April 20, 2008 / 7:54 PM / 10 years ago

Criminal probe at Canadian provincial auto insurer

VANCOUVER, British Columbia (Reuters) - Canadian police launched a criminal probe on Thursday into allegations of a scam at British Columbia’s provincial auto insurance agency over the reselling of damaged cars.

The Royal Canadian Mounted Police said they made the decision after reviewing information provided by the Insurance Corporation of British Columbia.

ICBC investigated allegations that a system used to sell “written-off vehicles” was rigged to allow some employees to buy cars rebuilt at the corporation’s testing facility so they could profit by reselling them to the general public.

The cars were also sold to the public without notification that they had previously been wrecked.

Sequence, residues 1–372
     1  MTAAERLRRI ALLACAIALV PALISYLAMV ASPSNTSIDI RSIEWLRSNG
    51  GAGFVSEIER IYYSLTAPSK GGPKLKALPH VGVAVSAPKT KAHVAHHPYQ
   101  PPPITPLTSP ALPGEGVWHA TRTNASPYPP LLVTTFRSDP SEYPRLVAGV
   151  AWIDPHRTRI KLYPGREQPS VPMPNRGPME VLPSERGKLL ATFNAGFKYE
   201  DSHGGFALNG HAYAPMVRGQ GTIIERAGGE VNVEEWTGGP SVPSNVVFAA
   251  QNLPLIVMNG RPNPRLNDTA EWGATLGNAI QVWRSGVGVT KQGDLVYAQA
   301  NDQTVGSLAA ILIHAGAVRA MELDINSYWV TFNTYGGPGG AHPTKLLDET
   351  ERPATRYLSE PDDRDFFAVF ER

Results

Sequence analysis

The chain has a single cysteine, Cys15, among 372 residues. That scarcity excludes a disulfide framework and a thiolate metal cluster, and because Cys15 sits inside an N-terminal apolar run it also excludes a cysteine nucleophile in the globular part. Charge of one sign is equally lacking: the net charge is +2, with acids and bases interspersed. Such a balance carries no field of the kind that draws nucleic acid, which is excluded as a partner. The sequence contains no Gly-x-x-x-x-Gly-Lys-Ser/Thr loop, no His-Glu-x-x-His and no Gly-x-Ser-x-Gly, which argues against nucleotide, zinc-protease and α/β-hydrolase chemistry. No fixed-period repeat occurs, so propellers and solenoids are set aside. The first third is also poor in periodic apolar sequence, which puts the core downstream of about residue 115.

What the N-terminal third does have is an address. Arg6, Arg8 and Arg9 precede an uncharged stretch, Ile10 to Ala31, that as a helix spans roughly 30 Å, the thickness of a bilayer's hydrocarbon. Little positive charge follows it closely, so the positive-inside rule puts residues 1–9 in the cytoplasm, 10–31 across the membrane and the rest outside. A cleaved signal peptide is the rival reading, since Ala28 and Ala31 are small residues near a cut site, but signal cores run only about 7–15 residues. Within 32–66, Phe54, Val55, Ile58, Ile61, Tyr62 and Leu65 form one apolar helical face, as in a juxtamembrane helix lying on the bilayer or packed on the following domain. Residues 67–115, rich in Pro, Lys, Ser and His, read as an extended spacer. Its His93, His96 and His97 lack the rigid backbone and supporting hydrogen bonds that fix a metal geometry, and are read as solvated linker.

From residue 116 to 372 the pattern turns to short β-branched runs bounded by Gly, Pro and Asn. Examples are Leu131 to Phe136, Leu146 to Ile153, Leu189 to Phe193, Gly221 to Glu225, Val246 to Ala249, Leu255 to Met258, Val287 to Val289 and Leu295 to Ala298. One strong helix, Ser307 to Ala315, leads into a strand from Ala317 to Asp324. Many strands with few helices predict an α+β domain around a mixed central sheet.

A source has told Reuters that contractors working for ICBC may also have been given special access to the cars.

British Columbia residents must buy their auto insurance and register their cars through ICBC. It had premium revenue of C$3.3 billion ($3.3 billion) in 2006, and a net profit of C$350 million, accord to its last annual report.

($1=$1.01 Canadian)

Reporting Allan Dowd, editing by Rob Wilson

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